The question I get to answer a lot is “How did you get started with making Pantams/Handpans?” I almost never have the chance to tell the whole story, so I decided to just write it down and send people to my blog 😉 haha.
But seriously, it’s an interesting story that stores a big life lesson for me, it basically changed my life.
I started as a Hang Player, I used to travel and play on stages, streets, and workshops. The Hang was with me everywhere I went, and every year or two it needs tuning, like other instruments in needs maintenance.
The only tuners I knew were the makers of the Hang in Switzerland. I traveled there several times for tuning. It was nice to visit them, see the new sound sculptures they made, to see the first versions of the hang and to see how it all started. I was a didgeridoo maker and for me to see their workshop and how they work was very cool and inspiring.
I was a fan of Panart, The Hang was magical to me and filled with mystery. I had respect for the work of the makers. That time I heard many complaints about them from; musicians who wanted to purchase a Hang and couldn’t due the extreme demand, and also from Hang players that wanted to buy another hang in a different scale and got a negative response. Some players even got turned down for tuning sessions because Panart told them they play too hard. I used to be on Panarts side and defended them seeing as I met them and felt they really had a lot of pressure with the amount of people they needed to reply to and the high demand for the Hang.
In the summer of 2011 I sent an email to schedule a tuning session and the reply I got was the beginning of a fundamental change in my life. The email clarified that they no longer offer tuning services for my “first generation Hang”, they only offered help to “free Hang” owners which had the latest version and the model they produced the smallest amount of.
This was not easy to accept, as a musician I record music, perform and do many things with my Hang, playing with it out of tune is not something I can do.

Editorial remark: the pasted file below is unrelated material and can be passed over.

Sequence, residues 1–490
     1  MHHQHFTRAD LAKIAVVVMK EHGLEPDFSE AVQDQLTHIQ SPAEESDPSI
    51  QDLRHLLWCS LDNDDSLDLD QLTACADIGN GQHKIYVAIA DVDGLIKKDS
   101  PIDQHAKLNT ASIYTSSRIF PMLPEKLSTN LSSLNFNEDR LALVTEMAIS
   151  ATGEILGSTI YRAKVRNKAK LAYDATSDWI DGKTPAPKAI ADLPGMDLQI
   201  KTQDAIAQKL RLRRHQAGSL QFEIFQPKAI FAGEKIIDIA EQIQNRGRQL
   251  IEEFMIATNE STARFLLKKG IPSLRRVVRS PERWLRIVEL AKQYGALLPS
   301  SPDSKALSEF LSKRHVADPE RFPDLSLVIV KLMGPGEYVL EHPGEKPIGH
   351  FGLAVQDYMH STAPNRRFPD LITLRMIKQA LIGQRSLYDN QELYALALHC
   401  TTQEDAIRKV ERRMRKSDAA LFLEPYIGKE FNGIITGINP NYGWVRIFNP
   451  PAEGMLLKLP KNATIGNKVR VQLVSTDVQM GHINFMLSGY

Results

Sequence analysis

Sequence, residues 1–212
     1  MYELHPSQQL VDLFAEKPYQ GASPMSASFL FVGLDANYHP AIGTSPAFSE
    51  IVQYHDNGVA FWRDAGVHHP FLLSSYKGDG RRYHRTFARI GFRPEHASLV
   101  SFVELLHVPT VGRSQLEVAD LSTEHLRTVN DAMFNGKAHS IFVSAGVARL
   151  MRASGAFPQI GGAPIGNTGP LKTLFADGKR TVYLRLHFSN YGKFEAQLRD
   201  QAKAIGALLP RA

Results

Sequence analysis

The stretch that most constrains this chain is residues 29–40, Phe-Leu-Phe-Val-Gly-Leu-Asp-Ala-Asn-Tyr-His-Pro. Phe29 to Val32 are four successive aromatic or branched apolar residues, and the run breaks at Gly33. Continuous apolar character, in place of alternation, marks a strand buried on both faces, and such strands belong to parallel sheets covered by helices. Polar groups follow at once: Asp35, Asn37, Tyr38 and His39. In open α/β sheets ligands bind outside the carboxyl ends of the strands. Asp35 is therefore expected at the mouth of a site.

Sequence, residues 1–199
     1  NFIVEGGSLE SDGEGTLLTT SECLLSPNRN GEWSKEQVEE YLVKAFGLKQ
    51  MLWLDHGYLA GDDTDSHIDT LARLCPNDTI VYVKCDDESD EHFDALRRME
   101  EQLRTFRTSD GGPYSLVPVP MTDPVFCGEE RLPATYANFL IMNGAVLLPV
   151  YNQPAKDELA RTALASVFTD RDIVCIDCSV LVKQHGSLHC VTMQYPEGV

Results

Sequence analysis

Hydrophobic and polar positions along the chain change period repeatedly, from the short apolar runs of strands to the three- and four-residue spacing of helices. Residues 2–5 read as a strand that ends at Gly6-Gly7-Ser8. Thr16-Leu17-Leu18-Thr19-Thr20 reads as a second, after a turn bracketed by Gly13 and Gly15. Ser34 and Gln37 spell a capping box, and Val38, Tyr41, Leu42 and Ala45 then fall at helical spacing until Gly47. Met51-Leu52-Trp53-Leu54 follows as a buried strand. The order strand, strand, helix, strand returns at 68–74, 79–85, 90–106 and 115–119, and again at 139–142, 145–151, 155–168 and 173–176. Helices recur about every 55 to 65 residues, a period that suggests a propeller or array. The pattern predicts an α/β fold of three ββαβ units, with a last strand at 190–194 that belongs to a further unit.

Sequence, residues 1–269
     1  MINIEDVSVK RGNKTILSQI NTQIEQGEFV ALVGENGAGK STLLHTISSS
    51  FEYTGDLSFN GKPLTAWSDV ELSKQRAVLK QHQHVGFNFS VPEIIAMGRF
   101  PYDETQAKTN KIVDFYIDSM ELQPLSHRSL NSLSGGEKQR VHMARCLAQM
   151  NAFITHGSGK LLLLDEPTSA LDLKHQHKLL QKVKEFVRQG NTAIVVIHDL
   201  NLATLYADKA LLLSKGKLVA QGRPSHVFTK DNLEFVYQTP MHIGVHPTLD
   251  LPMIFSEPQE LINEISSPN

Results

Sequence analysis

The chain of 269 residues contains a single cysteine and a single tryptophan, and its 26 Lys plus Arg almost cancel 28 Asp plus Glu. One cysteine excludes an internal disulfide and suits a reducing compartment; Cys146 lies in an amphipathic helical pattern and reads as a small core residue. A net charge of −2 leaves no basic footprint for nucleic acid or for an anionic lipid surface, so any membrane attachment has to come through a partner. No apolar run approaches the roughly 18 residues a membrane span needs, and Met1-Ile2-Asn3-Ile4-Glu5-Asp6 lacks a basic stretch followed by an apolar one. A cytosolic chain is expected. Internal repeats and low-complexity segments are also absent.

I had to find a solution, back then some new makers had started making similar instruments, I went with my friend Davide Swarup to one of the leaders in the field. He was an easy-going person with an amazing talent, I loved his instruments, I bought one from him and asked him to tune my Hang and so he did. I was very happy but also realized that every time my instruments got out of tune I would have to fly around the world, this would have had a financial and a time impact so I asked him if he could teach me how to tune a pan!
So naturally he said, yes right? Well not really…. 😉 He said, Sorry bro you will ruined an instrument by trying to or learning how to tune it, you need to MAKE one from scratch and learn from the ground up.
I went back to Israel and got a barrel, a round head hammer and started hammering… I had no idea what I was getting into but I just knew I wasn’t not going to stop. Back then you could have counted the number of professional makers in the world on one hand and the information about making pantams was almost non-existent so it was a lot of trial and error with some important tips from my friend (that one form earlier in the story), many days of frustration and getting back to motivation… I am really thankful to have discovered all that as tuning steel is a way of life for me now and a deep passion.
So, hope the answer to “how I got into making” is answered! If not please comment bellow and ask me anything!